Where is your ankle?
When you’re running on the beach, how does your ankle adapt to a bumpy patch of sand?
You reach your arm behind you in the car; what is it that allows you to know where your hand is?
How do you shuffle your hips from an awkward position to a comfortable one?
The answer is proprioception. It’s your body’s ability to know when your joints are moving and where they are moving to. It relies on the input of special nerve endings in your muscles that detect changes in pressure and length around the joint.
When your joint changes position, these nerve endings tell the brain what’s going on. The brain can then activate the muscles needed to either keep the joint moving or change the direction towards another position.
You use proprioception whenever you’re performing a task that requires balance or accuracy… more or less constantly!
Most of the time, proprioception happens subconsciously. However, after injury, this process can be disrupted. In some cases, this increases your chance of re-injury because the body cannot respond as well to its surroundings as it did in the past.
For example, if your body cannot detect that your ankle is rolling outward, it will not be able to fire the muscles necessary for preventing excessive movement, and so risks spraining the joint.
The good news is that your proprioception can improve with training. It’s a distinct skill from strength and flexibility and needs to be specifically targeted after injury.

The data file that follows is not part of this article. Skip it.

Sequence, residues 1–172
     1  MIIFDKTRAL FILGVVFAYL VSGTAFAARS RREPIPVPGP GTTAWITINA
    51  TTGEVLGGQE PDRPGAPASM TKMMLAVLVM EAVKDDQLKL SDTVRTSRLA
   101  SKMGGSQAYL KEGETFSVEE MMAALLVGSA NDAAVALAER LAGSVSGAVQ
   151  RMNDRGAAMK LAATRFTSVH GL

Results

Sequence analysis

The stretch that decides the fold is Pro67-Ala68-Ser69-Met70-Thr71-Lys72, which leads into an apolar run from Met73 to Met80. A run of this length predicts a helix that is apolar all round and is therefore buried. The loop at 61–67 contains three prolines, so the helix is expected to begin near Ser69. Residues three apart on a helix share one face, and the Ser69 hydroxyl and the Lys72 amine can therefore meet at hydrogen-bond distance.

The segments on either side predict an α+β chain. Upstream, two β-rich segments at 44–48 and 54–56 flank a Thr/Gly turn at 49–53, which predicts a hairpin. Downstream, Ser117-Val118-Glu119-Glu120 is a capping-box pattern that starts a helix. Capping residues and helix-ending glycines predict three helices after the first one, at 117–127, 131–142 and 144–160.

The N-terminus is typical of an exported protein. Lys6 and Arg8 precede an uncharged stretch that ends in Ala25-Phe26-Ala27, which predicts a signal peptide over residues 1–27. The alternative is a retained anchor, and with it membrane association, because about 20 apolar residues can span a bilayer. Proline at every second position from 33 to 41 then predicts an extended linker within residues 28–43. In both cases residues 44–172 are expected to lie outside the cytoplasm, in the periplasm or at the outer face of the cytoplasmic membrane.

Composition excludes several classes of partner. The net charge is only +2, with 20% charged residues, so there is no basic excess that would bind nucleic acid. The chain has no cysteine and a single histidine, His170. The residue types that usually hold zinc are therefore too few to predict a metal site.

Progressive balance exercises can have a profound impact on joint stability. Pilates, with its emphasis on form and control, also helps to train your body to know where it is in space.
Sometimes, your physio might encourage you to use a mirror to begin with so that you can see what position your body is in. Eventually, once your proprioception is full, your joints will be able to detect this position themselves and self-correct without the need for visual cues. This is vital for preventing injury.
In order for your body to maintain a good position, it needs to know what that good position feels like. Postures that aggravate pain can often result from a lack of body awareness. Proprioception retraining is an important tool for developing the body’s ability to find and hold a comfortable position throughout the day.
So whether you’re running on the beach or sitting in your chair at work, good proprioception allows for controlled, pain-free movement.
You might have heard it said, “If you can’t measure it, you can’t manage it.” That’s true for the body’s joints: your ability to detect the position of your joints is essential for your ability to manage the way they move.
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